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KARACHI: The Spot Rate Committee of the Karachi Cotton Association on Monday has decreased the spot rate by Rs 200 per maund and closed it at Rs 11000 per maund.

The local cotton market remained sluggish on Monday. Market sources told that trading volume remained thin.

Cotton Analyst Naseem Usman said that cotton arrivals in ginning factories hit the three-decade lowest level of 5.6 million bales as the industry is concerned about prospects of textile production without sufficient raw material and no alternative arrangement by the government, traders said on Saturday.

Till April 1, a total of 70,200 bales were exported, while 5.49 million bales were sold to textile mills. Ginners have 85,070 bales in stocks, according to Pakistan Cotton Ginners Association.

Since no data was released by the Pakistan Cotton Ginners Association during this time last year due to the pandemic lockdown, there is no comparison. However, last fortnightly data showed a decline of 34 percent in the arrivals compared to last year.

Cotton Analyst Naseem Usman also said that production of 8.7 million bales was recorded last year. Current production was down by 3 million bales, which is the lowest production in last 30 years.

Industry is concerned about the consistent decline in cotton production in the country and indecisiveness of the government about the steps to meet the demand of local textile businesses as it first allowed cotton imports from India and later disapproved the decision on political issues.

Arrivals from Punjab have been recorded at 3.5 million bales, while Sindh contributed 2.1 million bales. Currently, only five mills are in partially operation in Punjab. No mill is operating in Sindh.

Usman said partial cotton sowing for the new season has started in Sindh while it is likely to begin in Punjab from April 15.

Mills remained cautious of buying during the last week, which affected the trade volume and rates decreased Rs500 to Rs600 per maund in the local market. In the international market, prices also were down 3 to 4 cents per pound.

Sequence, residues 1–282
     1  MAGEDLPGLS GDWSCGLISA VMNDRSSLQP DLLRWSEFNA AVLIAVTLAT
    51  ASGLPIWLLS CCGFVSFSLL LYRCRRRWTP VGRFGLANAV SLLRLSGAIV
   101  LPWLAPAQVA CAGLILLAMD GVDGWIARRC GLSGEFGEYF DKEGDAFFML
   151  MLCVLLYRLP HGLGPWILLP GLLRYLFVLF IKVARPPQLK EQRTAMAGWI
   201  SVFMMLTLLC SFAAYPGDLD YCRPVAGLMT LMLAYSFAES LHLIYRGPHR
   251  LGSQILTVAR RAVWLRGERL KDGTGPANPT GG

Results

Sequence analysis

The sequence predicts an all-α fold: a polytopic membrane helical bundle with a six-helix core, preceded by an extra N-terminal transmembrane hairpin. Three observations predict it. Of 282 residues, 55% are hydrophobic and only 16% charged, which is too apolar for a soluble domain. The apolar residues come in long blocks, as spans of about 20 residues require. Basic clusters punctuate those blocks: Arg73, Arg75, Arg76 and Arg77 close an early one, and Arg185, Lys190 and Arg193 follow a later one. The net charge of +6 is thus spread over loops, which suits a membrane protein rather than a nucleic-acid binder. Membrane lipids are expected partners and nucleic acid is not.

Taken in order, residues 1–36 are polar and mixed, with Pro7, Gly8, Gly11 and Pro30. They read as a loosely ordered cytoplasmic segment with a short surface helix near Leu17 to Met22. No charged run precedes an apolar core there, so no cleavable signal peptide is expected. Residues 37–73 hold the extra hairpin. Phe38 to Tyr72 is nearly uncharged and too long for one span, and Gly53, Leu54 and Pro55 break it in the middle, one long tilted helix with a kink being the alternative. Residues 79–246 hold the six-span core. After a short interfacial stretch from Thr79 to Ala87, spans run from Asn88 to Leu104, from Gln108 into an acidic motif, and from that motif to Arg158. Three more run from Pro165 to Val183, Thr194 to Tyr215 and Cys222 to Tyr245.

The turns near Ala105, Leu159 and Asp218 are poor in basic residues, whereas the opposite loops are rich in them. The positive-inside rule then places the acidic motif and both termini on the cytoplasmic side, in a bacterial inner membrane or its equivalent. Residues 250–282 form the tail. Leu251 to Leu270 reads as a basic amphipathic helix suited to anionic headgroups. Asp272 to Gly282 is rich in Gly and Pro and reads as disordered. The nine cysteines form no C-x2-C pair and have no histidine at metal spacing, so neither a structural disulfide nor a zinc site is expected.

Cotton spot rate in the local market decreased Rs 1,100 per maund in two weeks, which was the highest decline in the history of the Karachi Cotton Association, a trader said.

Besides, depreciation in the dollar value could also affect prices in the local market. There were further speculations related to dollar prices and mills did not want to take risk of huge buying. A decline in yarn prices was also a reason behind decline of cotton rates in the local market.

All Pakistan Value-added Textile Association (APVTA) has demanded complete ban on the export of cotton and cotton yarn and warned that they would be forced to set up a protest camp at Clock Tower on Thursday if positive decision was not made by the Federal Cabinet.

Addressing a joint press conference in Pakistan Hosiery Manufactures and Exporters Association (PHMA) Mian Farrukh Iqbal Senior Vice Chairman (North Zone) PHMA said that some circles were maligning value added sector that they have pushed Kashmir cause under the carpet which is not true.

He said that exporters and industrialists are patriotic Pakistanis and they could not even think of violating national security issues at the cost of their businesses. He said that they fully endorse the Kashmir policy of present government but they have to take care of millions of workers who are the backbone of national economy. He said that it was government duty to fully analyze all aspects of trade with India in Economic Coordination Committee before making its decision public.

He told that some sectors are exploiting the situation and exporting yarn despite of acute shortage of this raw material in the country. He told that during the month of February, yarn of 132 million dollar was exported which was 23 percent in excess to the yarn exported during the same period of the last year. He said that if export of cotton yarn was not stopped, the export of value added sector will dip down to the minimum. It will also have a fallout impact on factories which have already started closing down.

He said that the government should make final decision till Tuesday or Wednesday to prohibit export of cotton yarn as further delay will be disastrous for the country.

The Pakistan Cotton Ginners Association (PCGA) strongly opposed cotton imports from India, maintaining that the move would discourage local growers from sowing this cash crop.

Growers, ginners, spinners and cotton brokers are actively supporting the government’s decision of not allowing cotton imports from India despite the Economic Coordination Committee approval.